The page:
In these difficult times for Armenian culture, Gasparyan wished that Armenian Americans with money might provide some redress. He wondered, “Why don’t Armenians in the US donate money for culture, for Armenian plays? When will the rich here understand that their money is not just theirs, but also their nation’s. If they want their names to remain on this earth and be remembered, they will remain only through great acts. They will be remembered not in American history but in Armenian history. Only Armenians remember, for example, that it was Seropian who invented the green color of paper money for the United States.” He added that “the great are those who don’t want their names written down,” whether they are donors or creators.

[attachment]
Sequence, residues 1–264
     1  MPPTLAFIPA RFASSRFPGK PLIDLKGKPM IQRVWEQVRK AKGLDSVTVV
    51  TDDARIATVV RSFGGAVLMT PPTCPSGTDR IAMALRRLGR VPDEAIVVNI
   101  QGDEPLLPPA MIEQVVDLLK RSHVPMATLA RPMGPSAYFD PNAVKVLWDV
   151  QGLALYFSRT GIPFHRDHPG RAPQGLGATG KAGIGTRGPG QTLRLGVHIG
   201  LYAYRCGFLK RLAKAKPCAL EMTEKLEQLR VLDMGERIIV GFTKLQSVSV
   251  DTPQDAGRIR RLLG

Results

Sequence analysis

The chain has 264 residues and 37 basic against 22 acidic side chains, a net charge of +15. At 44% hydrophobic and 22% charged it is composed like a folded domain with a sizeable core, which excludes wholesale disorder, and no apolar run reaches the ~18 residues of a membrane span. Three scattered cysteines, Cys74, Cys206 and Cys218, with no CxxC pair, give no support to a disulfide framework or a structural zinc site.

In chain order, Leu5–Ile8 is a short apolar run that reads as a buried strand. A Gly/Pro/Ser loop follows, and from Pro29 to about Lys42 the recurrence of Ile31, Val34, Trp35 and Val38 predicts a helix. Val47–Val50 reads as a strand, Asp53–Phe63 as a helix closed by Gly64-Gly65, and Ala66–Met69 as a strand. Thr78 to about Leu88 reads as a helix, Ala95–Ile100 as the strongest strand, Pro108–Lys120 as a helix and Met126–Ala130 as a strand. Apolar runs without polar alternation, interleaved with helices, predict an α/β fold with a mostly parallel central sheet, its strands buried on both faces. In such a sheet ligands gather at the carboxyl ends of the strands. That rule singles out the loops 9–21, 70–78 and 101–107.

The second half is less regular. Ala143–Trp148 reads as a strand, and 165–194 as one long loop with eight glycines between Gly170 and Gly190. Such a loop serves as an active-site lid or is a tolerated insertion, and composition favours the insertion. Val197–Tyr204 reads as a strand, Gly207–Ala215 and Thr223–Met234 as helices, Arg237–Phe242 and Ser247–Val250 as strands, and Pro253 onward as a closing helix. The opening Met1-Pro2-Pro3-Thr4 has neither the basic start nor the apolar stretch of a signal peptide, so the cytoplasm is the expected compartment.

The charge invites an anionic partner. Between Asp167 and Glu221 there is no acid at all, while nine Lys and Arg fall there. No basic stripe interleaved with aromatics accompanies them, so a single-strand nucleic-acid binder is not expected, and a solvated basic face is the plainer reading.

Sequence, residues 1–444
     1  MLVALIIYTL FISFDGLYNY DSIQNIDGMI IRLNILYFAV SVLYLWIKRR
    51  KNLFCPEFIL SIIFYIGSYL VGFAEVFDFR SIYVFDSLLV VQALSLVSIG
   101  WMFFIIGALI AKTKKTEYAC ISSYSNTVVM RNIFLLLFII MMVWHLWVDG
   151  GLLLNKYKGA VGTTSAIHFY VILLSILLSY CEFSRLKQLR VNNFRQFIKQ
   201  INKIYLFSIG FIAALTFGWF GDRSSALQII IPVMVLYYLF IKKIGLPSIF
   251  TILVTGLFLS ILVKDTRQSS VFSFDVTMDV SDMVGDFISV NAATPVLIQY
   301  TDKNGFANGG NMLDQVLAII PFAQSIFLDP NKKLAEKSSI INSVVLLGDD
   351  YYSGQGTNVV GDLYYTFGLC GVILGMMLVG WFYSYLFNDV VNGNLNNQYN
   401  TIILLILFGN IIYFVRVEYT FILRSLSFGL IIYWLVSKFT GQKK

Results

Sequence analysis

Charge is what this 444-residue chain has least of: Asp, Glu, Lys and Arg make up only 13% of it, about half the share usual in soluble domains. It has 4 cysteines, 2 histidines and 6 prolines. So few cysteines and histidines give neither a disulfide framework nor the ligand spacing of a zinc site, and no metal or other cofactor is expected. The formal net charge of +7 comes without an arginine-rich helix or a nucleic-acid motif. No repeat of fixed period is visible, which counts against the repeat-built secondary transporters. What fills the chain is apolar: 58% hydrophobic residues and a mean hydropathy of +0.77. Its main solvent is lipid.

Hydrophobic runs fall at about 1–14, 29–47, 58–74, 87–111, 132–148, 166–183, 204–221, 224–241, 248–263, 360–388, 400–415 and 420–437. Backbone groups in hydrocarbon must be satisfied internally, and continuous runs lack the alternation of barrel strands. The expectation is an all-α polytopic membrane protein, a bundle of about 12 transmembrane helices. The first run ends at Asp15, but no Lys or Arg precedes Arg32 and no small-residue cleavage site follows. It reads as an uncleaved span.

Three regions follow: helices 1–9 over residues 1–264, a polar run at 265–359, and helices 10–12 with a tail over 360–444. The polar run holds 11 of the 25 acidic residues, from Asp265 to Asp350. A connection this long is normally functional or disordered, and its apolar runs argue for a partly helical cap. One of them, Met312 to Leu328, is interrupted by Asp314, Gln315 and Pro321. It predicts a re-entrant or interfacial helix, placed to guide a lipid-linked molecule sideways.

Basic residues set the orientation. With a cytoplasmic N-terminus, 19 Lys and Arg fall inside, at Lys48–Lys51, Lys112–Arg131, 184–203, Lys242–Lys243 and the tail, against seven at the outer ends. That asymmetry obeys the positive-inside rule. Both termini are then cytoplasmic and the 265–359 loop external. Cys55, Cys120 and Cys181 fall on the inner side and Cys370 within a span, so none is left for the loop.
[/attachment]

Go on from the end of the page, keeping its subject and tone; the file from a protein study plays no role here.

Gasparyan thanked those Armenians who continued to support Armenia through various ways like the Armenia Fund Telethon despite their difficult lives abroad. He also hoped that factories would be built by diasporans to provide jobs in Armenia, and libraries and schools to maintain the educational level of the populace. What is built in Armenia stays there, whereas the fate of Armenian institutions abroad is always uncertain.

What will happen in Beirut or Tbilisi in the future? Many of Gasparyan’s ideas and stories about the Armenian film industry can be found in his 1999 book Im lezvis tak push chka [There Is No Thorn under My Tongue].